Year of the Monkey by Patti Smith (Penguin/Random House) is the memoir of a year – 2016 to be specific – the Year of the Monkey in the Chinese lunar calendar – hence the book’s title. However, it’s not just a recounting of a year’s events, it’s an internal journey as well – into Smith’s memories, friendships, and dreams.
Smith recounts how the year doesn’t have the most auspicious start – what with someone puking on her shoes at the conclusion of a New Year’s Eve concert she and her band gave at San Francisco’s most hallowed hall – the Filmore West. Unfortunately that’s not the worst this night has on offer. One of her closest friends (Sandy Pearlman) has had a massive stroke in a parking lot and has been rushed to hospital while Smith is on stage.
Smith starts her solitary pilgrimage through the year in Santa Cruz. Pearlman and her were supposed to have been spending a few days together on the coast, but of course all that has changed. She draws us into her wandering state of mind where dreams, poetry and reality blend together so we, and she, are having a hard time differentiating between them.
She talks around her late friend – not even mentioning him for the first little while – and we wonder whether the dream states she recollects on the page are part of her avoiding his condition; a way of coping with the trauma of a friend in a comatose state. Smith is craving isolation – talks about wanting to live in the back room of an old diner – and we wonder if the conversations she recollects, and the people she has them with, are real or part of some dream.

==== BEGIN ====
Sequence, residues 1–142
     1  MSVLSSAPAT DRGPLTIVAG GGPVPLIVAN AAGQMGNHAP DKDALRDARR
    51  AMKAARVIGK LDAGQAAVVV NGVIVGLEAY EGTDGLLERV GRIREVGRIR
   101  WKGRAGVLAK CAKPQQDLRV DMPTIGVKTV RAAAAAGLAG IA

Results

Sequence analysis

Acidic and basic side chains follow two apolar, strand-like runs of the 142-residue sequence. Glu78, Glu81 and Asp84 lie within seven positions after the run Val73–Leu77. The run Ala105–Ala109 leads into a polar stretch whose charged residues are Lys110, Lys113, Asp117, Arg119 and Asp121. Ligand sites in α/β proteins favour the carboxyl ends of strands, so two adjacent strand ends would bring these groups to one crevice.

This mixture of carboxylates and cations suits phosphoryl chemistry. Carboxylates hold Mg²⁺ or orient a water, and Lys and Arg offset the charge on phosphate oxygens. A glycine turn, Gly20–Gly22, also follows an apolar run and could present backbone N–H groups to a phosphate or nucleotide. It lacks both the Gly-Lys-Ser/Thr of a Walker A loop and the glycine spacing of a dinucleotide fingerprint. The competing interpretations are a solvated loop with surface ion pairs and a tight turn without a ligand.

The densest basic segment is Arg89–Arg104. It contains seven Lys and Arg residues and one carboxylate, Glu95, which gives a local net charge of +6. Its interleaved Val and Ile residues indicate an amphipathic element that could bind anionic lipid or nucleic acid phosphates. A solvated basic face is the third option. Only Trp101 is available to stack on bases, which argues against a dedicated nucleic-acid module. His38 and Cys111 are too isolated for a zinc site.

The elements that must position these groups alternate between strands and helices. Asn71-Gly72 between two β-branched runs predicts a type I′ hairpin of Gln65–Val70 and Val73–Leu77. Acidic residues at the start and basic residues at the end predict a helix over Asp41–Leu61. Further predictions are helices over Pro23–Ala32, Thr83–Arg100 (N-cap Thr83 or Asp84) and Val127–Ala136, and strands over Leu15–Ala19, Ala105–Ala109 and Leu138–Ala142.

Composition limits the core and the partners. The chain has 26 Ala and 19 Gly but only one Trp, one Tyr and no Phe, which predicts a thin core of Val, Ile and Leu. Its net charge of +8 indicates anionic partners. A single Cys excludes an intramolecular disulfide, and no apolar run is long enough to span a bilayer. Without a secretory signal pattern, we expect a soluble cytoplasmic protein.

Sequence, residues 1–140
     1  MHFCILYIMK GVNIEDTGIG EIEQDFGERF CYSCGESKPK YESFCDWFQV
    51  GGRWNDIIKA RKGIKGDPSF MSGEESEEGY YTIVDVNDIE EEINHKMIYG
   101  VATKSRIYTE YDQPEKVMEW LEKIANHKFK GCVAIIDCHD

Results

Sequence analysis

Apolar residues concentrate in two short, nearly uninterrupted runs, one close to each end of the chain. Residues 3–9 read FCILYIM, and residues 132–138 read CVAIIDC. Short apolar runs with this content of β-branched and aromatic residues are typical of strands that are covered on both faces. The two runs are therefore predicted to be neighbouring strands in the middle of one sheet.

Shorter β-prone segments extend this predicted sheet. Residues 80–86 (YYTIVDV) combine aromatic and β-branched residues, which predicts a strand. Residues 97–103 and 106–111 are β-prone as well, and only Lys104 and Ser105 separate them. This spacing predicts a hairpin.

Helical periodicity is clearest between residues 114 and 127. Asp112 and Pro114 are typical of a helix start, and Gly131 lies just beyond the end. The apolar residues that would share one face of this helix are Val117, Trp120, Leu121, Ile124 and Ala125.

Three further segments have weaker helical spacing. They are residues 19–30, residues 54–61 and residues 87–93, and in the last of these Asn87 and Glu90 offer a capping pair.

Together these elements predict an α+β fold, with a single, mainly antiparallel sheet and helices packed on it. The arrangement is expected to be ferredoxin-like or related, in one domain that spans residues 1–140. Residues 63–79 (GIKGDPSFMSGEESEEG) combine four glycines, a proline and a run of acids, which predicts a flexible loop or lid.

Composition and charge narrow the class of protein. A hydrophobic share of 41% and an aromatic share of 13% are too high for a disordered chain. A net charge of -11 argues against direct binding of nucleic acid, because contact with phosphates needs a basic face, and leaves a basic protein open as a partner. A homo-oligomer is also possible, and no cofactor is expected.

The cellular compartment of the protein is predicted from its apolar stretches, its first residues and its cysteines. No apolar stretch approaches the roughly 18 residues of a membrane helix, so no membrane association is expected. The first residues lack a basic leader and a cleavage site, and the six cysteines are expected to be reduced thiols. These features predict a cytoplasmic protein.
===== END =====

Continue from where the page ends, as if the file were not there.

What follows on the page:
She wanders in this fugue/dream like state throughout the book and we drift along with her. Smith surfaces occasionally – her visits with Sam Shepard as he deals with the final stages of ALS in particular are harsh intrusions on this otherwise surreal journey. Once lovers, always close friends, watching this vital and brilliant man succumb to this wasting disease can’t have been easy for Smith.
This is a difficult book and can’t be read quickly. A multi course meal which requires each dish to be properly digested before the next can be savoured. You might find you’re putting Year of the Monkey down after each chapter, in some cases after a paragraph, before continuing the journey onwards and inwards.
Smith has a poet’s care in her choice of words. Sometimes you feel like you’re awash in streams of her thoughts and it’s just best to let yourself be carried away by the imagery and delight in her mastery language. Other times you’ll sit and read a paragraph over and over again just to be absolutely sure of what is being said.
There’s an impression that it’s always raining in Smith’s 2015 – or at least grey. Oh she does describe the sun shining and it being warm, but the impression left behind is one of perpetual overcast. Perhaps it’s foreshadowing for the deaths she knows are coming, or, as she talks about in the final few chapters, the looming idiocy of a Trump presidency in 2016. The Year of the Rooster when America elects its own strutting cock.
Year of the Monkey by Patti Smith is a wonderful trip inside the mind of a poet. Difficult, convoluted and a little absurd, but well worth the effort. Enjoy it for the epic poem on life, grief and dreaming that it is and be grateful she took us along for the ride.